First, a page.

Canticle for Good Friday : Geoffrey Hill


Bouguereau : Pieta

There are surprisingly few poems in English about Good Friday.  The resurrection as an abstraction  is easy enough to assimilate to the way in which we generally think of Easter – the return of life to the earth, as popularly represented by bunnies, eggs and chicks.  The physical event of the human sacrifice required to bring about this resurrection is harder to come to terms with.  I doubt that the crucifixion has ever – since the reformation at any rate – entered the popular consciousness of the English in the way that it has in Catholic countries.  We prefer our crucifixes to be restrained, discreet and bloodless:  they rarely intrude into our homes. 

Here, though, is a poem for Good Friday, by Geoffrey HillHill is at the same time profoundly English – indeed claggily Mercian – and Latinate in his sensibility.  The poem is, I think (I could be wrong), told from the point of view of the Apostle “Doubting”  Thomas.



The cross staggered him.  At the cliff-top

Thomas, beneath its burden, stood

While the dulled wood

Spat on the stones each drop

Of deliberate blood.


A clamping, cold-figured day

Thomas (not transfigured) stamped, crouched,


Smelt vinegar and blood.  He

As yet unsearched, unscratched,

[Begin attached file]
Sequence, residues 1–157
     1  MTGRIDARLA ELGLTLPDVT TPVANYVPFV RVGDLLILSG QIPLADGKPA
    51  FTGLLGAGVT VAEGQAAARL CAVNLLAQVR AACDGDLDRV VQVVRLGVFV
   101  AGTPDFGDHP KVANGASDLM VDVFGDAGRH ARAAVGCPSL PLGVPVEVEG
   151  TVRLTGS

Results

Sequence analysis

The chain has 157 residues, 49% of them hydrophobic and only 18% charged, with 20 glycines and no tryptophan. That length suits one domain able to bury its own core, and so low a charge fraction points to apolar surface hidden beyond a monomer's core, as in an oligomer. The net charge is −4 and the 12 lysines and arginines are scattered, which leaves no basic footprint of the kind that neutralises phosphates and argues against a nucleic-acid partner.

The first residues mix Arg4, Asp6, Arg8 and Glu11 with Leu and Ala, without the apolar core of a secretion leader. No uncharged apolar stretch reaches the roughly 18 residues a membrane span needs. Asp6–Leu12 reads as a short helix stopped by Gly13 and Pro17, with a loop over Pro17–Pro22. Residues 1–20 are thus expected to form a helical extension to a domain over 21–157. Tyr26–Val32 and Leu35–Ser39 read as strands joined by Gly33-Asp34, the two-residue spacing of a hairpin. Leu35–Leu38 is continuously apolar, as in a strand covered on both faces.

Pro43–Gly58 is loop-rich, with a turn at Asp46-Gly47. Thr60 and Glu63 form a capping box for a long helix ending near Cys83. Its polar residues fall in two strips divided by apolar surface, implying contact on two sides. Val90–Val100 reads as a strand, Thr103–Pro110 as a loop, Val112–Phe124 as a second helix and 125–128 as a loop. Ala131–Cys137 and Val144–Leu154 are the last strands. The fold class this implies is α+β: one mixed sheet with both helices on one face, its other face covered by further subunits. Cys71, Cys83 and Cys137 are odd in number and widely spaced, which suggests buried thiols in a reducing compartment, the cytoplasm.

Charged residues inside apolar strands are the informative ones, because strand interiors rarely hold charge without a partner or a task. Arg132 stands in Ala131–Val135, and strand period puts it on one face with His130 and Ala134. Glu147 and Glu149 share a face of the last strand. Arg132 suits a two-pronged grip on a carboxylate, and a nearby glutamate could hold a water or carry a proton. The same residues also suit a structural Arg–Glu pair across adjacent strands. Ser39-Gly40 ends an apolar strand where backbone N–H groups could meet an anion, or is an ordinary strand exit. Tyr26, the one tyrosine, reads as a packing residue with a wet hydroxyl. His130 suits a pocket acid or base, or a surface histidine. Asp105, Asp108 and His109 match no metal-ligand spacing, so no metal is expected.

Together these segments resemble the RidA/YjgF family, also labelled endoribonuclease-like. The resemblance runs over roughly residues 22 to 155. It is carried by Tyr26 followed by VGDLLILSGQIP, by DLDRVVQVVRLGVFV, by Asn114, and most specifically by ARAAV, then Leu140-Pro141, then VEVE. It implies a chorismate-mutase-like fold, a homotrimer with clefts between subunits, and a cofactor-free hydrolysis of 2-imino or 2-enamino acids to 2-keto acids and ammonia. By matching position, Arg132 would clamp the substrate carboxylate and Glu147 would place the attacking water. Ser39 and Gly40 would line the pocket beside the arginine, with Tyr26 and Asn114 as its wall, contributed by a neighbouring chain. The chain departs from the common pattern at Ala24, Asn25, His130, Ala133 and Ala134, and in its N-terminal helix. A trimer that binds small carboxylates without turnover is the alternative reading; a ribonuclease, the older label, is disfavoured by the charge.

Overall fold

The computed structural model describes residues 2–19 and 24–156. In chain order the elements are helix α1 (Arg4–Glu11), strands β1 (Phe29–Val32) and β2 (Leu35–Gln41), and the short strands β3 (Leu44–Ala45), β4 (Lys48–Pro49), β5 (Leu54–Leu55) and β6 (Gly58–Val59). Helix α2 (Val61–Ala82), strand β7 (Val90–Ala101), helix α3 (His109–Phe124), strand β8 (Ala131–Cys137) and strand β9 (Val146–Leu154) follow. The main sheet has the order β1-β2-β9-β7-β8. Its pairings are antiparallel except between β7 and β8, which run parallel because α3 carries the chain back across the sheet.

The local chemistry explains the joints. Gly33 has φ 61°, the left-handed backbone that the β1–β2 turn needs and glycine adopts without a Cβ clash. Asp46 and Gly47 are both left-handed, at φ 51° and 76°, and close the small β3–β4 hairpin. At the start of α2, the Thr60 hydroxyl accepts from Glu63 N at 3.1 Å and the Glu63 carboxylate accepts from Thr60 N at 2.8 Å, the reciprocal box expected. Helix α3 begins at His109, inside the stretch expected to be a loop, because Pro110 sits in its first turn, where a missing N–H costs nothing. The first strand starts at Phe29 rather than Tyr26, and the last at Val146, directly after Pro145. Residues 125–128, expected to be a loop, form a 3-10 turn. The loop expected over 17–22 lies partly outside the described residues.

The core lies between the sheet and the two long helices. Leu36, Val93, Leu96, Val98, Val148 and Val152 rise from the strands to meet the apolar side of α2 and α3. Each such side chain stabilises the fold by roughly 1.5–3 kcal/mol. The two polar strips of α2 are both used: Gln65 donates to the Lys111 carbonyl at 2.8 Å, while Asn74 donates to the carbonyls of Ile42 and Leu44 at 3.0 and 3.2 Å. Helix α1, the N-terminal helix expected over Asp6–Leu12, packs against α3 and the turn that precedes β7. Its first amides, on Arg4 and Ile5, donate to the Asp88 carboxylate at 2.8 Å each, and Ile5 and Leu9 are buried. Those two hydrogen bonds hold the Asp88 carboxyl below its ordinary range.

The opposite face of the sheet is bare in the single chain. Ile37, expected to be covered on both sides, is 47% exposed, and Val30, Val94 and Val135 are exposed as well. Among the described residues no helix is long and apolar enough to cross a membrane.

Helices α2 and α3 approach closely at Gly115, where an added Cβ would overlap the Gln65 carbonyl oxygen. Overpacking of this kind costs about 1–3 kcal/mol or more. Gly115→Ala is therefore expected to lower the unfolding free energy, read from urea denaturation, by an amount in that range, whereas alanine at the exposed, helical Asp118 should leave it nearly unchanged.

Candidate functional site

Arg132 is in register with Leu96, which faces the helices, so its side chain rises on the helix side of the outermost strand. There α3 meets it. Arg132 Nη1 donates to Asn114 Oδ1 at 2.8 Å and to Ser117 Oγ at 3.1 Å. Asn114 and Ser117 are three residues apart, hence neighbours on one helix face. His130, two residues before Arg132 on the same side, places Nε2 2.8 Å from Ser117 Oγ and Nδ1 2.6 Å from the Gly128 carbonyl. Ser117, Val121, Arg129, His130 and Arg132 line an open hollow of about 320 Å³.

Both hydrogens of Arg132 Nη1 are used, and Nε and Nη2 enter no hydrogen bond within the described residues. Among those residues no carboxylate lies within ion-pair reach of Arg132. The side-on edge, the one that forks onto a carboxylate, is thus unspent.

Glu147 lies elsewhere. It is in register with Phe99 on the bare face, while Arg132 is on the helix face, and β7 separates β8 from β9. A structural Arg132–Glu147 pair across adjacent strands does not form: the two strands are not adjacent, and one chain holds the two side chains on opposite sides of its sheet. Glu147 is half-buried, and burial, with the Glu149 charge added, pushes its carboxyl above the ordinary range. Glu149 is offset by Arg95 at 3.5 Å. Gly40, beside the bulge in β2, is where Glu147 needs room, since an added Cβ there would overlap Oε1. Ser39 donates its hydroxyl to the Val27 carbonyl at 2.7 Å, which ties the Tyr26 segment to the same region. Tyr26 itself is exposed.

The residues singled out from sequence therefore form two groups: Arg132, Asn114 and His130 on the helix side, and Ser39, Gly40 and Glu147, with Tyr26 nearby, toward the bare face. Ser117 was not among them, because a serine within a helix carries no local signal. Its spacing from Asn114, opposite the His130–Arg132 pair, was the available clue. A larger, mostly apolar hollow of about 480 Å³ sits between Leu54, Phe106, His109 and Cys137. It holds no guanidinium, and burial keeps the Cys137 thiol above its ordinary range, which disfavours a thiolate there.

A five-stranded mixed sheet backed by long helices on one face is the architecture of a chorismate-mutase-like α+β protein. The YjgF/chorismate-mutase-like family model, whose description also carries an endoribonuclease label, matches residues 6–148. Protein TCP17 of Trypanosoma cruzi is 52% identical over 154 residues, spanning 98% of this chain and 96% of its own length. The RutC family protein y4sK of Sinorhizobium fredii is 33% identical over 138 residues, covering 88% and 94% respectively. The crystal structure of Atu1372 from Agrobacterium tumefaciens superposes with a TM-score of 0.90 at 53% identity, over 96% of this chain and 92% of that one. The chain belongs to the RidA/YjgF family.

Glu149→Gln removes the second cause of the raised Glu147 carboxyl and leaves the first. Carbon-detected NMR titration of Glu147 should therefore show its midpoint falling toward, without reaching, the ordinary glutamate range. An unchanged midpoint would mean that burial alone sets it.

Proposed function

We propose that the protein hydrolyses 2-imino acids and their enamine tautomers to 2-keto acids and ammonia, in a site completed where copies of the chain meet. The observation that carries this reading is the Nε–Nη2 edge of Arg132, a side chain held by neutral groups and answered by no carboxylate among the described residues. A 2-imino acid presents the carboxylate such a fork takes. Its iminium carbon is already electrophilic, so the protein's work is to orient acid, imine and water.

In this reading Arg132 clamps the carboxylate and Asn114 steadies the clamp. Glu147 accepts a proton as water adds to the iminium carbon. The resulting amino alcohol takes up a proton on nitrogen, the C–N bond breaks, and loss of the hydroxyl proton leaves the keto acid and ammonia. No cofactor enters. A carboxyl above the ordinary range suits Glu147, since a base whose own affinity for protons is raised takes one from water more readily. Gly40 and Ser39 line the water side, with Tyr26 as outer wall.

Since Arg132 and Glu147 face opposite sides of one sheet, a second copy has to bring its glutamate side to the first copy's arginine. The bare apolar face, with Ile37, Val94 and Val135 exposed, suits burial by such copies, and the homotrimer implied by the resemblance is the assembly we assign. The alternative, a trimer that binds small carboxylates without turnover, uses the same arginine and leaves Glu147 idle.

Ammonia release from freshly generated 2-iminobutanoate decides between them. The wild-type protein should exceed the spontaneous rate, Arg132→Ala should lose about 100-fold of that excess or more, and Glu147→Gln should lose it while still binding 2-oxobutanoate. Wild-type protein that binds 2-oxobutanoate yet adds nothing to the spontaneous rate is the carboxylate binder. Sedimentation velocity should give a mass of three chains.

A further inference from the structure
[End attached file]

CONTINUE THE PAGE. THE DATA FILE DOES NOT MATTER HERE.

And suffered to remain

At such near distance

(A slight miracle might cleanse

His brain

Of all attachments, claw-roots of sense)


In unaccountable darkness moved away,

The strange flesh untouched, carion-sustenance

Of staunchest love, choicest defiance,

Creation’s issue congealing (and one woman’s).

All Souls Part 2 – W-A Bouguereau

Day of ther DeadContinuing with this – some might think – slightly morbid theme, here – for your contemplation – is an image relating to All Souls, by the 19th century French academic painter William-Adolphe Bouguereau.  Bouguereau is a much-abused figure – partly because he greatly disliked the Impressionists and the feeling was mutual.  John Berger, I seem to remember, also had it in for him.  I don’t have the impression that he has ever quite been rehabilitated in that the way that his English equivalents have been – Lord Leighton perhaps? Waterhouse? – but whenever I see one of his paintings in a gallery I find myself drawn to it, for reasons I probably couldn’t adequately explain.  This, for instance, used to be on display in the entrance hall of the Birmingham City Art Gallery, but seemed to have vanished the last time I visited, much to my disappointment –


(This reproduction  doesn’t, unfortunately, quite convey the luminosity of the paint).

Luminosity of the paint?  What are you on about now? Do you mean it glows it the dark?  My littleun’s got one like that in her bedroom. – The Plain People of Leicestershire.

No, I don’t mean that.  I just meant that whatever it is that attracts me to this painting – and it isn’t, incidentally, the sentimentalised depiction of poverty – hasn’t quite survived the transition to the internet.